The setting up of the Smart Food Executive Council, with APAARI (Asia-Pacific Association of Agricultural Research Institutions) , CORAF, FARA (Forum for Agricultural Research in Africa) and FANRPAN (Food, Agriculture and Natural Resources Policy Analysis Network) as members, was the highlight of the update on the Smart Food Initiative by Ms Joanna Kane-Potaka, Assistant Director General – External Relations. In WCA, the promotion of the initiative has involved Niger’s First lady becoming a Smart Food Ambassador, master classes on pearl millet dishes, panel discussions and food displays at fairs, and promotions through ambassador chefs and Indigenous shows in Africa. In the global arena, promotions have been in the form of an alignment of Smart Food with Sehgal Foundation and representation at the International Congress Hidden Hunger held in Germany. In India, a Smart Food Industrial Caterers Symposium and the presence at the Organics & Millets Fair, and Smart Food Culinary Symposium have enhanced visibility. In the pipeline are publications with key information to back Smart Food as well as the promotion of Smart Food and ICRISAT’s mandate crops. The priorities for 2019 will include fundraising (especially for the Endowment Fund), promotional efforts, and Africa and Asia chapters of Smart Food.
Providing updates on the Systems Biology Research Initiative, Dr Rajeev K Varshney, Research Program Director – Genetic Gains, described in detail its three modules. The module on gut microbiome (2 projects) is focusing on improving human nutrition, exploring iron deficiency anemia in adolescent girls, severe acute malnutrition in children under 5 and Type 2 Diabetes in adults. The soil microbiome module (1 project) for crop productivity and environmental sustainability is being done in chickpea and pigeonpea and seed microbiome in chickpea, pigeonpea and groundnut. The third module on integrative biology (2 projects) centers around dissecting drought tolerance in chickpea and exploring a two-line hybrid breeding system in pigeonpea. In addition, three proposals have been submitted and two proposals are in the pipeline for extramural funding in the three modules.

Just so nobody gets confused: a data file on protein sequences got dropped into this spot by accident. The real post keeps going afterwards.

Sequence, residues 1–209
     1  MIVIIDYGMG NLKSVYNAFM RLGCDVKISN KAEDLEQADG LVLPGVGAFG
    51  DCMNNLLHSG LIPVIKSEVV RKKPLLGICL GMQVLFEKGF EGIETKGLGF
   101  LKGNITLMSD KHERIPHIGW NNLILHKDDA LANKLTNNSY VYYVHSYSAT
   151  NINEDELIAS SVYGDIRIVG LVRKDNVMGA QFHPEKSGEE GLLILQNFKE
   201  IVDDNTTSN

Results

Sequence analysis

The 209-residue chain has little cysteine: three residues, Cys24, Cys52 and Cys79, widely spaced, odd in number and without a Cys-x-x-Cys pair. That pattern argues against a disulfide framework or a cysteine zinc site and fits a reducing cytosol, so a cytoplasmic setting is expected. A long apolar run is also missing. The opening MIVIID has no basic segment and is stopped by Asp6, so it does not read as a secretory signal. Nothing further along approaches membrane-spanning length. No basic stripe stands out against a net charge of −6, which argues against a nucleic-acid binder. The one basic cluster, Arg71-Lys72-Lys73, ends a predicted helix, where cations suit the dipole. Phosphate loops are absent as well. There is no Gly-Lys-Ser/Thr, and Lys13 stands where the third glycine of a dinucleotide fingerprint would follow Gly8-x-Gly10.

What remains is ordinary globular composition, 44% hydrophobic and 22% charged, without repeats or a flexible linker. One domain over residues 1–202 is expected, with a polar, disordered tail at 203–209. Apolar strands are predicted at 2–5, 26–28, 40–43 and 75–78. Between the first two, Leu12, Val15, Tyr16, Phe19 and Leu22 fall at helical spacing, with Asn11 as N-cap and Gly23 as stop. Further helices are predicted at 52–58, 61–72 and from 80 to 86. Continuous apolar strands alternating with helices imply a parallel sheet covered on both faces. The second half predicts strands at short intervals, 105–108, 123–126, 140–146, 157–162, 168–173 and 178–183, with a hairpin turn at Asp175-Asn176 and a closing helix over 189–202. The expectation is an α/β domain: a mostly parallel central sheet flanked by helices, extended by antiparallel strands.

In her presentation on Molecular tools – Corteva Agriscience, Dr Pooja Bhatnagar-Mathur, Theme leader – Cell, Molecular Biology & Genetic Engineering, reported on a year’s engagement with Corteva Agriscience (Dupont Pioneer Pvt Ltd) that led to collaborations in genome editing for dryland crops/traits in order to maximize the value of CRISPR technology for the smallholder agriculture. ICRISAT and Corteva Agriscience entered into a Master Alliance Agreement in April 2018. The partnership will lower barriers to entry in the CRISPR space and will potentially enable a disruptive reduction in cost for development of both farmer- and consumer-centric traits/products in our crops. It will help in delivering improved sorghum and millets for increased Striga resistance; enhancing quality traits (i.e. rancidity in milled pearl millet) and improved genetic gains (through scalable hybrid systems). The proposed genome editing pipelines in these crops will progressively merge to deliver effective solutions in the value chain to reflect our holistic approach on each crop X trait.
These objectives are being achieved by utilizing de novo site-directed variations to expand the genetic base of the respective crops. Genome editing innovations are being exploited to speed up the introduction of genotypes with valuable new traits.